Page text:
Whole breast radiation and partial breast radiation following a lumpectomy yield similar cosmetic outcomes for women diagnosed with early stages of cancer who wish to preserve their breasts. Findings of the new analysis from a phase III clinical trial were presented at the 61st Annual Meeting of the American Society for Radiation Oncology (ASTRO).
Partial breast radiation is a good choice. That's what I'm going to say to certain subsets of my patients."
Julia White, MD, FASTRO, professor of radiation oncology, The Ohio State University Comprehensive Cancer Center and lead author
Women diagnosed with early stages of cancer (stage 2 or earlier) who undergo lumpectomies typically follow their surgery with radiation therapy to lower the risk of having the cancer return. Partial breast radiation can be an appealing treatment option, because the radiation is delivered over several days to a smaller area around the surgical site instead of 3 to 4 weeks to the entire breast.
Previously published results from this phase III trial, NRG Oncology/NSABP B39-RTOG 0413, found partial breast radiation to be only slightly less effective than whole breast radiation at reducing the risk of cancer recurring in the breast. There were no significant differences between treatment groups in overall survival rates, the time patients lived without the cancer coming back, or the time patients lived without the cancer spreading to another site. In the current analysis, Dr. White and her team focused on cosmetic outcomes to help guide patients for whom both treatment choices would be equally or nearly equally effective for breast-conserving therapy.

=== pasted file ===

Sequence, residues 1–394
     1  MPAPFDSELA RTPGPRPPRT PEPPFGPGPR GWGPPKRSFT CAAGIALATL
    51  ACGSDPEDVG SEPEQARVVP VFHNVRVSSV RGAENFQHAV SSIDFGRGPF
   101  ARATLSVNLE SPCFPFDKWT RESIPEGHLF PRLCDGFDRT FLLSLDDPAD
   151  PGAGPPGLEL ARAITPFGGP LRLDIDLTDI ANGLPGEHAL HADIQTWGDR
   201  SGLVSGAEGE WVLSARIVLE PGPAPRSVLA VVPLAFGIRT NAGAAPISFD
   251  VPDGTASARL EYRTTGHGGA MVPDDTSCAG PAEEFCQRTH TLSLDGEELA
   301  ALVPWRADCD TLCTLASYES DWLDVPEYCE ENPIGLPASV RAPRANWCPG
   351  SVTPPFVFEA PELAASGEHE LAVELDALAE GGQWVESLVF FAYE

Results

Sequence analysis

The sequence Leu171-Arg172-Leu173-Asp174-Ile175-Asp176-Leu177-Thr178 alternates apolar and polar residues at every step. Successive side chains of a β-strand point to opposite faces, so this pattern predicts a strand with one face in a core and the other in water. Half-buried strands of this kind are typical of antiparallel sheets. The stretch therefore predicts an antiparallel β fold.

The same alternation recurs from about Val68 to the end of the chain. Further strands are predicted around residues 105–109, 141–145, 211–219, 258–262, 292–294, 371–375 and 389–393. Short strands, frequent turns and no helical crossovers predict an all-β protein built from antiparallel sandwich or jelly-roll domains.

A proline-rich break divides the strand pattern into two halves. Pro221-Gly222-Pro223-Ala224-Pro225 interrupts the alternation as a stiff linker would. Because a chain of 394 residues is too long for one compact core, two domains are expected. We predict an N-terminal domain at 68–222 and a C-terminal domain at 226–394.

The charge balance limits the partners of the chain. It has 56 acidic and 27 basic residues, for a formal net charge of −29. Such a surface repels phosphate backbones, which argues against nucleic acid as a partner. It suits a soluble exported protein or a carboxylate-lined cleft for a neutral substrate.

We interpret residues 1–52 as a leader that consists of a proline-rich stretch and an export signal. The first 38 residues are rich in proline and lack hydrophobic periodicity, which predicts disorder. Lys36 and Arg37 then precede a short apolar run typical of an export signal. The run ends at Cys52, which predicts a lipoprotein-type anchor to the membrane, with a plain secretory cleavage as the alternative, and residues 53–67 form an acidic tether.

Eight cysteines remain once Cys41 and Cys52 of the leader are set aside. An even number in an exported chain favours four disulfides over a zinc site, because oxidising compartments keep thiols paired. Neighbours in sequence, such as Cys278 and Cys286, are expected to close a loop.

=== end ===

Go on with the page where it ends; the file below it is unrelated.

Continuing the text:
In this analysis of 900 women with early stage breast cancer who received either partial breast radiation (n=477) or whole breast radiation (n=423), both the patients and their physicians were asked to rate the cosmetic outcome of the treated breast, in comparison to the untreated side, as either excellent, good, fair or poor at three different times (baseline, 12 months after treatment and three years after treatment). Patients also rated their satisfaction with the outcome. Additionally, digital photos of the women's breasts acquired at each time point were rated by two teams of three physicians each who were blinded to which treatment the women received, when the photos were taken or which breast was treated.
"We found that whether the women received whole breast radiation or partial breast radiation, there was an equivalent cosmetic outcome from the patients' perspective," said Dr. White. This pattern held whether the patient also received chemotherapy as well as radiation and lumpectomy. In addition, patients' satisfaction with their treatment and cosmetic outcome were equivalent for whole breast and partial breast radiation. Three years after completing radiation therapy, 81% and 86% of patients said they were totally satisfied with partial breast or whole breast radiation, respectively; 14% and 11% were somewhat satisfied; 2% and 3% were neither satisfied nor dissatisfied; 1% and 2% were somewhat dissatisfied; and less than 1% of patients in each group said they were totally dissatisfied with their treatment.